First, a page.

Friday, 19 September 2014

Why I Am NOT a Democrat: Reason #852


I have been living in France for a while now; I am very happy to be here.  

Don't get me wrong - I love my country, and I am proud to be an American.  But being an American is at times just exhausting.  And when I feel like I miss the old country, I know I can count on my friends back home to remind me that there are more benefits living in Europe than just efficient trains and good, affordable wine.

A Facebook friend today posted yet another link about how American politicians are looking to strip the National Football League (NFL) of its tax-exempt status.

Yes, I know.  I, too, am shocked that a league that paid its chairman $44 MILLION in 2013, and generates $9 billion in revenues is not subject to tax.  Apparently, it's true - the league files under 501(c)-(6) business organisation.  Which is to say, it is a business association created not for its own enrichment, but to promote the activities of its members.

It's insanity, of course, but one that other leagues (the NHL, the PGA) also avail themselves of, as did the professional baseball MLB until 1997, when it agreed to give up such status.

I have -no- problem at all with asking an obvious for-profit business to pay taxes.  I suspect few do.  In fact, conservative senator Tom Coburn (R-OK) introduced legislation a couple of years ago to do just that, and got nowhere.  It was not reported, and died quietly.

No - the two-pronged attack here illustrates why I find the Democratic party ultimately less palatable than virtually any alternative.  

On the one side, we have Harry Reid (D-NV) and Maria Cantwell (D-WA) proposing to strip the league not because it's grossly unfair, but because the NFL "allows" the franchise in Washington to use a mascot that is offensive to some.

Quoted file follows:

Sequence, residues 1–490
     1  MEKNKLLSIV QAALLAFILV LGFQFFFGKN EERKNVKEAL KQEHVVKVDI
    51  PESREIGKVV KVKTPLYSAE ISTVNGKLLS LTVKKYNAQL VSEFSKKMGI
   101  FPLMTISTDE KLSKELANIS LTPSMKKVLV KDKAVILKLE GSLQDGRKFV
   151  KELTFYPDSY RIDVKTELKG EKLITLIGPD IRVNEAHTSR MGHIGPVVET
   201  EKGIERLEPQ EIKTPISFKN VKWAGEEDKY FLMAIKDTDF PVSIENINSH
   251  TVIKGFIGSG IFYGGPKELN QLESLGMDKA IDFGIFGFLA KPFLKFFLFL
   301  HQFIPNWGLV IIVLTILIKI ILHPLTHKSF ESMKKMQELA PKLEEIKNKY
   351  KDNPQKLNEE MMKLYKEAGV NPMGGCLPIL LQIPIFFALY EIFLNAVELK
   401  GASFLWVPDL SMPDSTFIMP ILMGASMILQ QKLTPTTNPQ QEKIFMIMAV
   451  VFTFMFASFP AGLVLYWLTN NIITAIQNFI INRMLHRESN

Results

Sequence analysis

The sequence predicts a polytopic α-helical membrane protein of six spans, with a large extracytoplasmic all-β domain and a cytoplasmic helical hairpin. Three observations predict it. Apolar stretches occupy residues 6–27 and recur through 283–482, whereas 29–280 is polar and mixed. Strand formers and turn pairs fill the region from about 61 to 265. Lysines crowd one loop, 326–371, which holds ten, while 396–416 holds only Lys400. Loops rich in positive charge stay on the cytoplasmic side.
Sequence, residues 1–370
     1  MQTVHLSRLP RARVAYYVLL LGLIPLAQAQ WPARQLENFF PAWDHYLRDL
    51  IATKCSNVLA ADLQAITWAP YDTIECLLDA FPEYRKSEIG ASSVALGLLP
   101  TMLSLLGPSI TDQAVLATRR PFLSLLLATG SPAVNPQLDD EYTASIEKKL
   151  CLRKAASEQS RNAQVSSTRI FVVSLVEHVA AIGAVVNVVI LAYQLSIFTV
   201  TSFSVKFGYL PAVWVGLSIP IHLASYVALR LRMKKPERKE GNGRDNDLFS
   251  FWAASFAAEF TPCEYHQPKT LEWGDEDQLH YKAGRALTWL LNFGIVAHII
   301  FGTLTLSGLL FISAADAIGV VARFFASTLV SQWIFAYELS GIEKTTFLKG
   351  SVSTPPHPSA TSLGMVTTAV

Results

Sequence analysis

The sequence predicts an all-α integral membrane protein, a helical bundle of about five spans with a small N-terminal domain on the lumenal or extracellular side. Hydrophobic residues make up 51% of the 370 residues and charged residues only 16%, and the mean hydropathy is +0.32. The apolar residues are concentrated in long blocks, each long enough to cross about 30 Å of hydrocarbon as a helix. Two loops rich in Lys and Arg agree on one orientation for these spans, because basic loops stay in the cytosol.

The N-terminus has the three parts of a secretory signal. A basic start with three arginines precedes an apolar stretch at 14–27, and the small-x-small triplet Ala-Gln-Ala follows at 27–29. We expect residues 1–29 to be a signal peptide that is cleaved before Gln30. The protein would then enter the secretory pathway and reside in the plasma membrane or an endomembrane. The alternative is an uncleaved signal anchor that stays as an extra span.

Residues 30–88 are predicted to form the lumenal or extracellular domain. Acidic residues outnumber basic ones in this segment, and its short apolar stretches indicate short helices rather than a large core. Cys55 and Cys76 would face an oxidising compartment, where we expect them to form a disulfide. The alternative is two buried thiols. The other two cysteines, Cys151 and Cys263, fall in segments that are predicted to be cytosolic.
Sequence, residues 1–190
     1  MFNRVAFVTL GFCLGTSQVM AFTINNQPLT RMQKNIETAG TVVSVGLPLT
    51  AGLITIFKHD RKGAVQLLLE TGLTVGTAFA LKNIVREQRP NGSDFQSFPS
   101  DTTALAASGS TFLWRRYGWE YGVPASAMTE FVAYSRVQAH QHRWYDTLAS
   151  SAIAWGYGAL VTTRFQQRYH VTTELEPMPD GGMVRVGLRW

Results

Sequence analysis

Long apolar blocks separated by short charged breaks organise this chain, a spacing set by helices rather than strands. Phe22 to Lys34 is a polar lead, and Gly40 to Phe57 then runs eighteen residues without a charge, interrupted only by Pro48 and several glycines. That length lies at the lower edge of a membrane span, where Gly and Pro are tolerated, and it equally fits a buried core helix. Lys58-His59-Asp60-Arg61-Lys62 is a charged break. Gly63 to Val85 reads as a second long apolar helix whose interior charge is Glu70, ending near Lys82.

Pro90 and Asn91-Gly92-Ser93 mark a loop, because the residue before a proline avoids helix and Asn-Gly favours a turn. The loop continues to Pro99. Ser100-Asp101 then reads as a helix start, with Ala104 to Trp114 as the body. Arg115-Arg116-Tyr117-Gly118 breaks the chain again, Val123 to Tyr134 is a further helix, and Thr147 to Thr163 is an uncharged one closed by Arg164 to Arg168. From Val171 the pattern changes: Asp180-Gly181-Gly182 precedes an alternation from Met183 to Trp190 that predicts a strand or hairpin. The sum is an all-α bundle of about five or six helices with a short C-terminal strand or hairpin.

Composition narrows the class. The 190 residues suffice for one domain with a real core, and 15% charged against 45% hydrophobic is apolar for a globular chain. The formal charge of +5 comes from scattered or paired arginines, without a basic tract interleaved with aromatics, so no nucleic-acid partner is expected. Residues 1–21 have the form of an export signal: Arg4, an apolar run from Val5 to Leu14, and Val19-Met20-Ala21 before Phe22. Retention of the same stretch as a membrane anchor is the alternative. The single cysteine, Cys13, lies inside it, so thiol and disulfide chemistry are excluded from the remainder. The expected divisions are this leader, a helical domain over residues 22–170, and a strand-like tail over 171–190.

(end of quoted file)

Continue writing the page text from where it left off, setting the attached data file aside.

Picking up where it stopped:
Cantwell helped craft legislation specifically to allow the other tax-phobic leagues to continue not to pay:

The bill is narrowly crafted to prohibit tax-exempt status only for professional sports leagues that promote use of the term used by Washington's football team, meaning it would not affect other sports leagues, such as the NHL and PGA, which also receive the exemption.
"American taxpayers should not be forced to subsidize a $9 billion league that promotes a dictionary-defined racial slur," Cantwell said in a statement. She announced she would introduce such legislation at a Tuesday news conference held by a coalition of Native American tribes and social justice groups who are pressing the Washington team to change its name.
There is further moral preening and grandstanding, which is what all this is.

It's not that I disagree that the term "Redskins" is offensive, or that really, for the sake of decency, the team should voluntarily change it.  

But the tax code exists solely to raise funds to run the government.  It is not and should not be a cudgel to enforce manners.  

On the other side, camera-friendly Senator Corey Booker (D-NJ) has proposed legislation to remove the tax exemption and use the funds that would come from the NFL- approximately $100 million per year - to pay for various programmes dealing with domestic violence.

All of this ostensibly because of the recent disgusting cases where Ray Rice violently assaulted his fiancee (she later married him) or Adrian Peterson beat one of his multiple children (all from different mothers, none of whom he married), the injuries captured on film.

Again, I find domestic violence appalling, and I think funding programmes to fight it are laudable.

But the tax code exists solely to raise funds to run the government.  It is not and should not be used as a tool to discipline a league filled with thugs to clean up their behaviour.

This is something that seems to escape most Democrats, and why they simply cannot be entrusted with the power of the purse.  

Taxation is a tool.  We have government services that we need, and some others that we want.  We can and should discuss these services, and of course, if we demand them, we can and should discuss how to pay for them.  

But once the tax code is turned into a weapon, and that weapon is put into the hands of arbiters of what is proper behaviour, we cross a quite dangerous line.  

I don't know if Cantwell or Reid or Booker actually believes that their pet legislation has a Cleveland Browns Super Bowl Championships' chance of ever passing, and I suppose that each, sensing that the Democrats are in deep trouble in the 2014 mid-terms, is trying to pander as quickly and obviously as they can to revive the "War on Women" trope.  

But I say, let them pander, preen, and pronounce in front of fawning cameras and then leave the serious discussion of tax policy to the adults.


Post a Comment